Divided on foreign and defence policy, the EU seems to be slipping backwards. It must learn to speak in one voice, or others will shape the new world orderby Charles Grant / July 4, 2009 / Leave a comment
In the multipolar world that is emerging, which powers will matter? The US and China, certainly. India, perhaps. Japan, Brazil and South Africa? Not yet. And what about the EU? Ten or even five years ago, the EU was a power on the rise. It was integrating economically, launching its own currency, expanding geographically and passing new treaties that would create stronger institutions. But now, although the EU is respected for its prosperity and political stability, it no longer looks like a power in the making. If anything it is slipping backwards.
On many of the world’s big security problems, the EU is close to irrelevant. Talk to Russian, Chinese or Indian policy-makers about the EU, and they are often withering. They view it as a trade bloc that had pretensions to power but has failed to realise them because it is divided and badly organised. Barack Obama began his presidency with great hopes of the EU but is learning fast about the limitations of its foreign and defence policy: few of its governments will send soldiers to the dangerous parts of Afghanistan, and some senior figures in Washington now worry about the EU’s ability to ensure stability in the Balkans or its eastern neighbourhood.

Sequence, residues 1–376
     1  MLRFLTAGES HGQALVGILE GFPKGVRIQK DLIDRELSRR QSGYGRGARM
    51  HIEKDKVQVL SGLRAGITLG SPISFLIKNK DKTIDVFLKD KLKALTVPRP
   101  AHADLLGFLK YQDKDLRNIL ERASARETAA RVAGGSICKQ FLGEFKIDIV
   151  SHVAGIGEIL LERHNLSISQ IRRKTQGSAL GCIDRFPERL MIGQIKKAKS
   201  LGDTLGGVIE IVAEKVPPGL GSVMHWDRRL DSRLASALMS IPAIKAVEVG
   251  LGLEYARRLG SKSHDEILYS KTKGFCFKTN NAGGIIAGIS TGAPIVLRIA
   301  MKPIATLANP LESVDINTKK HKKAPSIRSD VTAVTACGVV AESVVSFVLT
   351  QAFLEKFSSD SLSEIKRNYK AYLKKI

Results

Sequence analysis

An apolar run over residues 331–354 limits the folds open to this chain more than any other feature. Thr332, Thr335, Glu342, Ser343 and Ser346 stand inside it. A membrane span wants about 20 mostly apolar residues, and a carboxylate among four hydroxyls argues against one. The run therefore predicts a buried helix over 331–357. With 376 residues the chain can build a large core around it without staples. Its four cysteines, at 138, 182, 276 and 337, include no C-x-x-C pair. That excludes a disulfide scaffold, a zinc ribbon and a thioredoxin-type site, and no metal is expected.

But does the EU’s unimpressive performance on hard security matter? Should not the 27 governments just focus on deepening the single market, while they pursue their own national foreign policies and count on Nato to keep the peace? The EU does need to improve its act because the world is changing in ways that may not suit it. It is not clear whether the new multipolar world will be multilateral—with everyone accepting international rules and institutions—or an arena in which the strong pursue their objectives through the assertion of military and economic might. The EU is instinctively multilateral, but the other big actors—the US, Russia, China, India and so on—can be unilateral or multilateral, depending on their perception of their interests. So the EU must try to persuade these powers that they can best achieve their national objectives through multilateral institutions. A weak EU will make that task harder.
The EU does of course wield soft power and this should not be sniffed at: it offers an attractive social, economic and political model to neighbours that want to join. The EU is leading global efforts to construct a post-Kyoto system for tackling climate change.…